In response to COVID-19, many health care regulations on telehealth, licensing, supply, and testing processes have been eased. These changes have been good for patients, doctors, and everyone in the system and need to be made permanent – and lessons need to be learned from them. Coupled with the right policies, this effect could be leveraged to reduce complexities and costs in our healthcare system and help patients with much-needed access to providers through a less contorted delivery system.
As patients and doctors confronted the pandemic, many practices joined the telehealth movement. While telehealth was something that many were aware of, overall market usage was low. This is in large part because of complex systems of reimbursement. However, in response to the pandemic, the federal government eased restrictions on reimbursement for telehealth and there was an immediate response. Doctors could receive reimbursement, patients could stay at home, and healthcare was able to be delivered.
And as states experienced surges of patients and doctors working longer hours – licensing restrictions initially held back replacements. As soon as this was fixed at the state level, providers were able to both flow into surge areas as well as see patients for telehealth visits, easing demand on different portions of the overall system. Patients had access, and doctors weren’t overworked – that meant better healthcare for all.
Instead of COVID-19 tests being sent to a government lab, private labs were able to take over and greatly increase the efficiency of processing the test. An efficiency with widespread desirable consequences for all involved by just reducing the regulatory maze of complexity.
Furthermore, many states eased their Certificate of Need (CON) laws in response to COVID-19. CON laws restrict the number of hospital beds as well as ambulatory surgery center operating rooms in a given area. Easing these restrictions created more supply for COVID-19 surges, but also opened up supply and competition for other services as well.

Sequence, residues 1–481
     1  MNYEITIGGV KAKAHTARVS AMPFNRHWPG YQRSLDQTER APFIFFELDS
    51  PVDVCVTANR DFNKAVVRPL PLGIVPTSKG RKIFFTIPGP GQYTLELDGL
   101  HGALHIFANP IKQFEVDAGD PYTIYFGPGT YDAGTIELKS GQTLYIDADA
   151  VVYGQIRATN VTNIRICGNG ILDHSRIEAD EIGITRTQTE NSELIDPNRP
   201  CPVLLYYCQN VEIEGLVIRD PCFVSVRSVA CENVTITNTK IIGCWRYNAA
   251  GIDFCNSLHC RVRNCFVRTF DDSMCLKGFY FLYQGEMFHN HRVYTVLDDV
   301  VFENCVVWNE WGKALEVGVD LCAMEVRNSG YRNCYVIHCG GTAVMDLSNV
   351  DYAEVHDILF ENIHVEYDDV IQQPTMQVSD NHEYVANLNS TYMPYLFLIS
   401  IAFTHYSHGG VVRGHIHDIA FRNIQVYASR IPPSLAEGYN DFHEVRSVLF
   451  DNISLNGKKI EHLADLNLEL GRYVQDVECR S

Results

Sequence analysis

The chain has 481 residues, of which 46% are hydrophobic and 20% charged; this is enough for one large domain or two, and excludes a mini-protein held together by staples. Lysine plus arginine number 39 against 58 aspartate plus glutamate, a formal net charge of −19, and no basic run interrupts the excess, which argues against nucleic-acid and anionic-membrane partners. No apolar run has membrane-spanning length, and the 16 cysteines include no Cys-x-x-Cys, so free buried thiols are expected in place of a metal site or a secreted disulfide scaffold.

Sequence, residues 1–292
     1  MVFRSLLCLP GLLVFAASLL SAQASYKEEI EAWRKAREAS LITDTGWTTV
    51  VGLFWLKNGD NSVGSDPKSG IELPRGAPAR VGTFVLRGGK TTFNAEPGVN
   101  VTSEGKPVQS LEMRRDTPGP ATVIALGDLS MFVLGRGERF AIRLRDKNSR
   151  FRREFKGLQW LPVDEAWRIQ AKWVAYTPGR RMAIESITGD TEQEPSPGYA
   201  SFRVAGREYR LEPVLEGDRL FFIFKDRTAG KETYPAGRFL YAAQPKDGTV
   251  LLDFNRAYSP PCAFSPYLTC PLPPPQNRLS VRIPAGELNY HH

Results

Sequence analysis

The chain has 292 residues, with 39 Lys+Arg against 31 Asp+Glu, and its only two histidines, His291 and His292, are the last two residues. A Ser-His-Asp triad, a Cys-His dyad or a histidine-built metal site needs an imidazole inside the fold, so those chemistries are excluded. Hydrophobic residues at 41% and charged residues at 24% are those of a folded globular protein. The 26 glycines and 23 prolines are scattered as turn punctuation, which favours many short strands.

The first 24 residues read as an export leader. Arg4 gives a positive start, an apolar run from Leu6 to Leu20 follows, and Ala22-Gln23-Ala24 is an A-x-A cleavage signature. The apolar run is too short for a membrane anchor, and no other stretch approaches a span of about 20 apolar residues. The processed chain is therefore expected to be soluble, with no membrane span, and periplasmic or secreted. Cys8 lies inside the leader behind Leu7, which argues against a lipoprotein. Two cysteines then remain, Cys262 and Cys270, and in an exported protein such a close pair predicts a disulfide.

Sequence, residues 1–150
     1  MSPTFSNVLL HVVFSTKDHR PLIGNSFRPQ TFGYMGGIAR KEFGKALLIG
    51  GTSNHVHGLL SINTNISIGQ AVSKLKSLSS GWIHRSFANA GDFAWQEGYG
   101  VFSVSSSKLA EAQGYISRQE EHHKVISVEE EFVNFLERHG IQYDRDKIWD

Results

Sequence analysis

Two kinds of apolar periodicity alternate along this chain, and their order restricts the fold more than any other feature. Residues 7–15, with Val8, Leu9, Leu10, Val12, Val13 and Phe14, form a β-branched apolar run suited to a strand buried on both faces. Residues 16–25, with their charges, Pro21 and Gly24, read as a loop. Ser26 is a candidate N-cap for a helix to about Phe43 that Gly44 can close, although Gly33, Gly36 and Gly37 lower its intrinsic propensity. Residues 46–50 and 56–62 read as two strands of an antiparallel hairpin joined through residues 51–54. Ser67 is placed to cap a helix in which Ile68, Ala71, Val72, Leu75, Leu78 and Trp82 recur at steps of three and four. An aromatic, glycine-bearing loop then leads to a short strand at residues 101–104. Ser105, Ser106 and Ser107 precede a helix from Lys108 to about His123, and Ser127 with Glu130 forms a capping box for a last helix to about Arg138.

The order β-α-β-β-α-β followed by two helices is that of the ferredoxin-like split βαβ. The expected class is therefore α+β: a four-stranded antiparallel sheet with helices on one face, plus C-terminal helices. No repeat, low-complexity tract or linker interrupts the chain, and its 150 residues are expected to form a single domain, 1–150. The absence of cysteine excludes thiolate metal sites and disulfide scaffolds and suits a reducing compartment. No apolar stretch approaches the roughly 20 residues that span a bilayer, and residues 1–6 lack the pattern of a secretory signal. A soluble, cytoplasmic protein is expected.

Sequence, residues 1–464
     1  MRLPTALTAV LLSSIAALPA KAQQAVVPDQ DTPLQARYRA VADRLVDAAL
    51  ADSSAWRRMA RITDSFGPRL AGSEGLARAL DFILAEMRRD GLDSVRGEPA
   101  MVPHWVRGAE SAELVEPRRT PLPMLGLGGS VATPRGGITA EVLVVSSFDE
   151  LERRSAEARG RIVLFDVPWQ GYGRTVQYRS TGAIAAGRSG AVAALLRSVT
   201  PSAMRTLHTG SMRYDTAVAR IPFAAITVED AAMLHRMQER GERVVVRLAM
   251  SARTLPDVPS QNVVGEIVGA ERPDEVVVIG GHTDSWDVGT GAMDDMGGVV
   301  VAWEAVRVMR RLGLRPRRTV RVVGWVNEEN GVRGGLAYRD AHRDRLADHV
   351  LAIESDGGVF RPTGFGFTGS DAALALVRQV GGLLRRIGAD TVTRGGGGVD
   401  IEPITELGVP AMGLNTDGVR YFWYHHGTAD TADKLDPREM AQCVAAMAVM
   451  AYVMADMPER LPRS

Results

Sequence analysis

Lastly, Operation Warp Speed has shown what is possible when the government, even partially, gets out of the way of drug development. Instead of a vaccine taking five years to be developed and work its way through the system we are looking at one year. This is a win for both the recipients and sellers of vaccines. Hopefully, opponents of fast vaccines may reconsider their position as they begin to understand that many capable legal channels exist to protect against mischief.
But more needs to be done.
Years ago, a threshold was reached in health care where it evolved to a self-perpetuating ecosystem spinning out of control. The system now has a life of its own that defends against attempts to simplify. Whether solutions come from policymakers or health care stakeholders, they all have to fight against strong antibodies that target change.
In health care, the patient is increasingly the payer. In segments of health care where the patient is the payer, access is almost immediate, prices are low, and quality is high. Whether it is like the cosmetic services bundled payment model or the increasingly widespread Surgery Center of Oklahoma Direct Payment model.
Congress needs to look at how the market is already innovating and attempt to incentivize more of these changes, while also looking at other government regulations and ask how they too affect the system.
Healthcare in the U.S. is second to none, but the system has been drowned in complexity for decades. The government keeps getting bigger, the private sector keeps integrating, and patients are being left out in the cold. This doesn’t need to be the case. It is actually not sustainable. A fork in the road was realized with the government response to the COVID-19 crisis. If this opportunity is yet again squandered, we may just continue down the wrong way to a dead end with a painful impact.
Dr. Sherif M. Khattab is a board-certified plastic surgeon in Torrance, California, and has been in practice for more than 20 years.